The Oregon daily journal. (Portland, Or.) 1902-1972, June 16, 1910, Page 1, Image 1

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    t ii r a i l v jour. i: a l i z
Sun-Jay Journal 5 cents; or 15 cents
a week, for Daily and Sunday Jour
nal, by carrier, delivered.
The Weather Fair tonight; Fri
day, , fair and warmer. ,
jou:;::i c;
- V 4
VOL. IX. NO. 88.
PRICE TWO CENTS - 0N "An and ktws
1 ' )
It 11
Should This Week's Battle Be
Stopped, Small Chance
!. ; for Big 'Mill:
(United rrens Leased Wlrs.1 ' , s
' ; San Francisco, June 16.That the
legal hattle which both sldea expect
will determine the fate of the, Jeffries-Johnson
fight may be made un
necessary by the outcome of a small
er legal battle over the Langford
Kaufman contest Is a possibility that
confronts the sporting world .today.
- - -.- - - - - - i
ney general to apply hla Instructions
regarding the greater to the smaller
battle, evidently .added by the gov
ernor as an afterthought, may bring
fight affairs In San Francisco to a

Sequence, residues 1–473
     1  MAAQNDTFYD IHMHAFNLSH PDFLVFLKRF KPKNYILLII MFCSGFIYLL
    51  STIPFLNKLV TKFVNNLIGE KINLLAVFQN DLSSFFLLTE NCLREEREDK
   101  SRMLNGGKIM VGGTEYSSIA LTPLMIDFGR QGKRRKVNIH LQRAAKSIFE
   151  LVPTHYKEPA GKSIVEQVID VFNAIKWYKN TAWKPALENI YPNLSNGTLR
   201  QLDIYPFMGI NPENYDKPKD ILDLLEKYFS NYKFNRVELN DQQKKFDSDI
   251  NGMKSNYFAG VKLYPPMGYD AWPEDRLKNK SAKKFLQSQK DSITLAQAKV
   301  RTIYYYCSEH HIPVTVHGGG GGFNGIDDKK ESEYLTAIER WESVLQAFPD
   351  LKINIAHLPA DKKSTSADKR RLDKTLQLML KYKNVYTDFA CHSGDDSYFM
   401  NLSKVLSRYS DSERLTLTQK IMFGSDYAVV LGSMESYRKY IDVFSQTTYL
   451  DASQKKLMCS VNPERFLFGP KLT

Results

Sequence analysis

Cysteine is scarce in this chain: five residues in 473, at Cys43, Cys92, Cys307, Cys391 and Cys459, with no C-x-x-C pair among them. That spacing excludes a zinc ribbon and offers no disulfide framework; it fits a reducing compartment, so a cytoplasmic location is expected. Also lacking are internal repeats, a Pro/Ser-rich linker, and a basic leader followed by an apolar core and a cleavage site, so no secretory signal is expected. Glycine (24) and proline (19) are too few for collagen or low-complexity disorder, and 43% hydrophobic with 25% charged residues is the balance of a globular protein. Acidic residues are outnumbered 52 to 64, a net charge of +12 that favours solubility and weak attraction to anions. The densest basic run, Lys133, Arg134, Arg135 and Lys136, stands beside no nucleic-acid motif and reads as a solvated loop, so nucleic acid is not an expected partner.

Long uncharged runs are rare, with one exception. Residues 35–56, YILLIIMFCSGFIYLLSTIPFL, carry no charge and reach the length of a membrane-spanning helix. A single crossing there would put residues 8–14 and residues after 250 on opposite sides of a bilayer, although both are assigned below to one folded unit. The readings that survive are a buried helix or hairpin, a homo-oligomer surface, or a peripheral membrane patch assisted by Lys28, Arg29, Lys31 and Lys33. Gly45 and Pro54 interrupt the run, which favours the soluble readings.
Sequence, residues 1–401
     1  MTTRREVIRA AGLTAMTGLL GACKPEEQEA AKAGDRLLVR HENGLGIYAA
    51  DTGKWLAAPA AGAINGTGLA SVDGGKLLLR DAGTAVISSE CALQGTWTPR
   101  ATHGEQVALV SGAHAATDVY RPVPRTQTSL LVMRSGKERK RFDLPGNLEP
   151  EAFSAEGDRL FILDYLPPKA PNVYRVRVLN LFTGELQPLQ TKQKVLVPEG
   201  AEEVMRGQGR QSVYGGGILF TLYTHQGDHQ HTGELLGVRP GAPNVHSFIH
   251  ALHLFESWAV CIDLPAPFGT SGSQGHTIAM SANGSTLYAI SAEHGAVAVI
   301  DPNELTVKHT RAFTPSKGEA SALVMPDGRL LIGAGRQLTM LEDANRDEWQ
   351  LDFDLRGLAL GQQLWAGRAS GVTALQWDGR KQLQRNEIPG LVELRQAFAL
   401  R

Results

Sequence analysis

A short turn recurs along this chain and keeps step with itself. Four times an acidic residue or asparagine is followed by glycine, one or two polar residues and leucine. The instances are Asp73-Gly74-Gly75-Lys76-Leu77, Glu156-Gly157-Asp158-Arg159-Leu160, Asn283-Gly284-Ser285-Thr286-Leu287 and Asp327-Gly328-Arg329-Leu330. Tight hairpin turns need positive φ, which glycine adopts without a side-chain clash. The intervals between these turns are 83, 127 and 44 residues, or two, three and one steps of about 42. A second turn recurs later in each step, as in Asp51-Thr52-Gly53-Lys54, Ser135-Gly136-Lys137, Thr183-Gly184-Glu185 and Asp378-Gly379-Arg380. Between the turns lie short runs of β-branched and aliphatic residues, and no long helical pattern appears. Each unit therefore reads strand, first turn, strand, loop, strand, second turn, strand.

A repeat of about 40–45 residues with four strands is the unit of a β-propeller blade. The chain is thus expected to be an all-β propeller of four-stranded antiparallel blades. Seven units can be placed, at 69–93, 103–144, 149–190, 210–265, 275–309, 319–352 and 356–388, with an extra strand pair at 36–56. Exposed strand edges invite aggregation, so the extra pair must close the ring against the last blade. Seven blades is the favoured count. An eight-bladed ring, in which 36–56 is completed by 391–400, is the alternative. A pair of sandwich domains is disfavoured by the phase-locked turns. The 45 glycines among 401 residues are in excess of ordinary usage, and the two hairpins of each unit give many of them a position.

-Xlltnai more qiitcldy-thanromoters
and officials had expected. . ,
: ..V Indicate Action. ';-.-y-!';'
iln declaring that he.wpuld Mtlow the
governor's Instructions Attorney General
Webb Indicated that steps 'would . be
taken at' once to stop the Langford
K&ufman' go', scheduled for Saturday.
Since this battle Is only two days away,
whatever action la taken must-be taken
with all possible haste, and at a decis
ion In the matter will cover exactly the
ama points as will .. be. covered in the
proceedings against the Fourth of July
n AAIsJa 4a LAM. 4?MMaSAMM I A
; Shippers by Withdrawing 15
: Wagons From Streets;
Protect Strikebreakers.
, The-: waymen s association went on